02-17-2022

When designing an electronic system, ensuring power integrity (PI) is all about making sure that the power you are putting into the system via the voltage regulator module (VRM) reaches the downstream components in an efficient, sufficient and stable manner. In the not-so-distant past, ensuring the PI of an electronic system was a relatively simple and pain-free task. Many products involved a single PCB populated by readily available off-the-shelf ICs, such as the classic 7400-series devices from Texas Instruments. For the purposes of PI, these ICs, which were presented in low pin count, coarse pin pitch packages could be treated as closed boxes represented by simple power models.

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All Systems Go! Bridging the Gap Between Design and Analysis

01-20-2022

Electronic designs are increasing in capacity, complexity, and performance. This is coupled with increasing pressure to get new products to market as quickly as possible while, at the same time, ensuring that these products are robust and will not fail in the field. The only practical way to address all these diverse requirements is to make design and verification tools and methodologies more powerful, intuitive, and easier to use. In-design analysis provides a way forward.

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All Systems Go! Meet Power Delivery Requirements Upfront with Power-First PCB Implementation

01-06-2022

The drive for faster throughput, increased mobility, and maximum efficiency in modern electronic devices has made power delivery a critical piece of design success. However, meeting the power needs of modern designs is anything but simple. To achieve a robust design, each supply must be capable of delivering sufficient current to every dependent device. In addition, those supplies must be both stable (able to maintain narrow voltage tolerances) and responsive (capable of adapting to transient current demands). Identifying and resolving power delivery problems late in the design process is incredibly difficult. If design power requirements aren’t considered upfront, it can lead to schedule delays and a significant amount of debugging time in the lab. Implementing a power-driven, PCB layout methodology ensures the design process addresses critical power and signal integrity (SI) issues collectively at a time they can be easily solved.

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2021

All Systems Go! Simulating Wirebonded CoB on Rigid-Flex

11-18-2021

There are many good reasons to use a chip on board (CoB) implementation. When this is combined with wirebonding and the use of rigid-flex PCB, challenges mount. An application that demands all three—CoB, wirebonding, and rigid-flex PCB—is a camera module that goes into a mobile application, the sample design used to illustrate the design and analysis challenges in this article. If you are not aware of and prepared for the potential pitfalls, it is highly likely that your project could fall short or even fail.

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All Systems Go! Signal Integrity Signoff of 3D-IC Systems

10-14-2021

3D-ICs meet the demand for integration of disaggregated system-on-chip (SoC) architecture built from multiple chiplets and heterogeneous architectures such as analog, digital, optoelectronics, and non-volatile memory.

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All Systems Go! Comprehensive Thermal Analysis of a System Design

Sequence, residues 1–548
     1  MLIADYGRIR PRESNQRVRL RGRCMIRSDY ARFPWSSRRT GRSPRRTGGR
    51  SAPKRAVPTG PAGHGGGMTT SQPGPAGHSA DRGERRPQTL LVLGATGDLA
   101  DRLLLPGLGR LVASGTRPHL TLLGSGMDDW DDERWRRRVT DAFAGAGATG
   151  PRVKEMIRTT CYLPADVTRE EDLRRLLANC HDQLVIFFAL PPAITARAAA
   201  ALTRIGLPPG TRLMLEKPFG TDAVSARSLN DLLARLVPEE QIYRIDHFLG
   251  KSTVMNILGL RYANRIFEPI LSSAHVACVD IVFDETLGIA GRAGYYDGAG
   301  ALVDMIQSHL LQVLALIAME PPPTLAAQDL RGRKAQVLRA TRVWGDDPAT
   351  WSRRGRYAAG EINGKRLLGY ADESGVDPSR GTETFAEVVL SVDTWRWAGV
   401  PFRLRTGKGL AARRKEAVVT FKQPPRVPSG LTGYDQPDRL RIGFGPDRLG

09-23-2021

In recent years, driven by the demand for smarter electronics, device designers have witnessed enormous scaling of large and hyperscale integrated circuits (ICs) and embraced development directions toward high density and reliability. These devices have increasingly higher thermal performance requirements—both transient and steady-state—and meeting them is becoming increasingly complex and time consuming.

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All Systems Go! Challenges in Analyzing Today’s Hyperconnected Systems

07-26-2021

Today’s data-thirsty world is looking forward to the next-generation communication systems beyond 5G, the promise of massive connectivity to the internet with extreme capacity, coverage, reliability, and ultra-low latency, enabling a wide range of new services made possible through innovative and resilient technologies. The exponential growth in data speed and networking has introduced numerous design and analysis challenges across a system design. Design teams are challenged to deliver new, differentiated products faster and more efficiently, despite the ever-growing complexity of silicon, package, board, and software for many complex applications in the hyperscale computing, automotive, mobile, aerospace, and defense markets.

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All Systems Go!: Thermal Compliance of 3D-IC

06-24-2021

In the packaging world, we have been designing heterogeneously integrated multi-chip products for decades. As we know, smaller process nodes enable higher frequencies and save on die area. However, for minimizing the system size, we need to use advanced packaging technologies.

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All Systems Go! Ensuring Signal Integrity of DDR5 Interface

05-25-2021

The double data rate synchronous dynamic random-access memory (DDR SDRAM) has evolved from a data rate of 0.4 Gbps to the next generation, DDR5, scaling to 6.4 Gbps. With DDR5, we can achieve higher bandwidth using less power per bit transferred, enabling us to do more computing on larger data sets.

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All Systems Go! EM Analysis for Today’s System-Level Designs

04-30-2021

There are two main reasons to do EM analysis: to see if the signals in the design will meet your performance specifications, and to see whether the design has unintended EM interactions in the circuit or system. Since domain-level requirements vary, not all EM solvers are the same.